What is food addiction?
Scientific studies show that certain foods affect our brains in the same way as alcohol, nicotine, heroin and cocaine.
When these foods are consumed repeatedly, they can cause an addiction similar to what we often see with alcohol and drugs of abuse. At first, such foods are attractive because they release endorphins and ‘feel-good’ neurotransmitters that can temporarily relieve emotional discomfort, anxiety and depression. This is a process similar to drug addiction: the food triggers the reward center of the brain, causing a sense of pleasure. But with frequent consumption of such foods, we can become physically and emotionally addicted.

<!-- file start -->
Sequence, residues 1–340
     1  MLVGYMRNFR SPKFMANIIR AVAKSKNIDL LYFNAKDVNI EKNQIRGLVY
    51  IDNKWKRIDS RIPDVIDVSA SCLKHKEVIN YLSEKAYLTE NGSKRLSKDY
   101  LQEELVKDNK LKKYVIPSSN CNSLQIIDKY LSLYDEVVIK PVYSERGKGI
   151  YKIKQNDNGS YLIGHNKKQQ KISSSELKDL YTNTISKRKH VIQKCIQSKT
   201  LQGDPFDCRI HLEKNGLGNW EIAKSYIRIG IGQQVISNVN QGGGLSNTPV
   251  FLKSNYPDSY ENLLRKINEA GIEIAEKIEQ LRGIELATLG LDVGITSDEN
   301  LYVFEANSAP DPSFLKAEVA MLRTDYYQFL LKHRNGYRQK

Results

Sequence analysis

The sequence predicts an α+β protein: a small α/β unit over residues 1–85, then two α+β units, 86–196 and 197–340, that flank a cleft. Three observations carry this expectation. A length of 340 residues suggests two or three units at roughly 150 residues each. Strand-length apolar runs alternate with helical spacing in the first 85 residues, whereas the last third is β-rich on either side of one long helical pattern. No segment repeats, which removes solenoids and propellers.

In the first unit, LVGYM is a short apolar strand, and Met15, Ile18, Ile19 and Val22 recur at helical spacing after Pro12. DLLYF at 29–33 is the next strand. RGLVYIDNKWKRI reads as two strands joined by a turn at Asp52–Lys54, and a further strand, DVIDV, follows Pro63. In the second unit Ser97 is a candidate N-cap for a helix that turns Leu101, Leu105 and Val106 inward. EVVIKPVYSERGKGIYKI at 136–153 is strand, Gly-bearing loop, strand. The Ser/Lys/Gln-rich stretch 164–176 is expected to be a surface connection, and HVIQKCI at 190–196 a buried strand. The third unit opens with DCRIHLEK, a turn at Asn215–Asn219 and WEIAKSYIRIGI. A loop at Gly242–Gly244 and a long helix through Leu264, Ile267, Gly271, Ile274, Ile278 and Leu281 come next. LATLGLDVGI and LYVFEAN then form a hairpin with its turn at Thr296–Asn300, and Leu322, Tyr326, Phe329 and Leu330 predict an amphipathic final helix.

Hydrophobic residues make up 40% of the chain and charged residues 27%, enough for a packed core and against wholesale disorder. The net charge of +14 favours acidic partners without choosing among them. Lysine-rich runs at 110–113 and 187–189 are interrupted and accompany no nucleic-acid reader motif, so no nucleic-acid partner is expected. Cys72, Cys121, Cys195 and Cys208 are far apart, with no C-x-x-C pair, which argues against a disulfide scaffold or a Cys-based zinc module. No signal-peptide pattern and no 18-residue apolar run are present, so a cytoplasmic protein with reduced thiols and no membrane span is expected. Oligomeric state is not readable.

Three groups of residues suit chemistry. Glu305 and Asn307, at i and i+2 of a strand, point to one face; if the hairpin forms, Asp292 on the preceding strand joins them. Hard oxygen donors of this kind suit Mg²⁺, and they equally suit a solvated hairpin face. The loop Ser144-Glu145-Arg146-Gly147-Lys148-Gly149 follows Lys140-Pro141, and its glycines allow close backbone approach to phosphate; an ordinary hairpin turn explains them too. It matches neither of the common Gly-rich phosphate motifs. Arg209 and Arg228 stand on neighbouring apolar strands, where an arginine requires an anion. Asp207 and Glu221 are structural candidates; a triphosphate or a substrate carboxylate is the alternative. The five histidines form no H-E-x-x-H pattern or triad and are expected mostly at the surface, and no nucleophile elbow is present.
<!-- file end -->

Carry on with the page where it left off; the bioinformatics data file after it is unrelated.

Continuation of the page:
Highly processed foods, such as sugar and flour, have the greatest impact on our brains because they dramatically raise blood sugar, and they can override normal body mechanisms that tell us we have eaten enough. Sweeteners, grains and dairy show the greatest potential for addiction. The more refined or processed a food is, the more habit-forming it can become. As with any addictive substance, increased amounts are needed over time to satisfy cravings and avoid symptoms of withdrawal.